How Often To Train Biceps For Maximum Growth

March 24, 2023

You be tempted to blast your biceps daily to get them to grow. It’s a common thought process that keeps many lifters from reaching their potential biceps size. Is there a sweet spot for how often you should train them?

2-3 times per week is optimal for training the biceps for maximum growth. It perfectly balances training and recovery to enhance biceps muscle growth.

So how should those 2-3 days per week look for biceps training? How many sets and reps should you do throughout the week?

How Often To Train Biceps For Maximum Growth

Training them 2-3 times per week is optimal if you specialize in biceps muscle growth. To do this, you’d run an arm specialization program to reduce the training volume of other muscle groups.

Your training split could include an arm day, back and biceps day, and adding biceps at the start or end of an unrelated muscle group. This would provide 3 days where the biceps are hit intensely for growth.

However, 2 days per week is more than enough to get bigger biceps.

How Many Sets Of Biceps Per Week?

At least 10 sets of biceps per week is needed to maximize biceps growth [2]. Research suggests a rate of muscle gain of 9.8% when performing 10+ sets compared to 6.6% for 5-9 sets and 5.4% for less than 5 sets per week [2].

While we don’t have direct evidence that exceeding 10 sets will promote further muscle gain, there is a dose-response relationship between volume and hypertrophy [2]. Meaning the more working sets performed, the greater the hypertrophic response, to a certain extent.

For example, there is a 0.37% increase in muscle mass on average with each additional set performed [2].

What is the upper limit? 15-20 sets per week is categorized as high volume, and 20-25 sets are considered overreaching [3]. 25-30 sets veers into overtraining territory but can be used sparingly within a high-volume training cycle. Therefore, varying your training cycles to perform 10-30 sets of biceps per week will maximize muscle growth.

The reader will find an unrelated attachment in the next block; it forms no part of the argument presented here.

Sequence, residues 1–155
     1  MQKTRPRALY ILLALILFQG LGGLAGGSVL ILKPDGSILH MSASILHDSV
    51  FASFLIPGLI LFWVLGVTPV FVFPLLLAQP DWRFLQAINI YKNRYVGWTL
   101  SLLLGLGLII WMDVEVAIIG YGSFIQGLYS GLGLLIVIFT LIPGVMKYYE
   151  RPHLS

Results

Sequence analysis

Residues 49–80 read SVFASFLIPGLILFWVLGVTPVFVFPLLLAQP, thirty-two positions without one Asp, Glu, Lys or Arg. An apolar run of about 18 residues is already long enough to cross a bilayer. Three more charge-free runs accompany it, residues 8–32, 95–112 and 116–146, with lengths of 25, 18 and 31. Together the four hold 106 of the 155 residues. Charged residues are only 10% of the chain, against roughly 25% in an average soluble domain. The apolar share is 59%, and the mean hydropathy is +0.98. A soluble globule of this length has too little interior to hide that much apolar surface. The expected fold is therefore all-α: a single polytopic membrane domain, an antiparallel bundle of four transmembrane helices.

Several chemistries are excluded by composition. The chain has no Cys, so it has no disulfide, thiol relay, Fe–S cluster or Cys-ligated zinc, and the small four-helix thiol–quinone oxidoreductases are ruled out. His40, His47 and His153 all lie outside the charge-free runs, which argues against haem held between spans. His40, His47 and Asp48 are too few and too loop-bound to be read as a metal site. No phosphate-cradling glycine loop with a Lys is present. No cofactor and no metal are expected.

How Many Sets Of Biceps Per Workout?

How Many Sets Of Biceps Per Week

Performing 10 sets of biceps in one workout is fine. But doing 25 sets in a single workout is doing you more harm than good. The American College of Sports Medicine recommends 1-3 sets per exercise for beginners and 3-6 sets per exercise for advanced trainees within a workout [1].

It is suggested to limit the total number of sets for biceps to 10 sets per session [4]. This will give you the best training quality as exercises placed last in a session diminishes strength gains in the long term [5].

How Often Do Bodybuilders Train Biceps?

How often bodybuilders train their biceps depends on their weak body parts. A typical bodybuilding split will have you training biceps twice a week. Once on back and biceps day and once during an arm day.

This can change depending on how much back work you are doing. If you train back 2-3 times per week, you may only train biceps once directly.

Will Training Biceps Everyday Make Them Bigger?

Will Training Biceps Everyday Make Them Bigger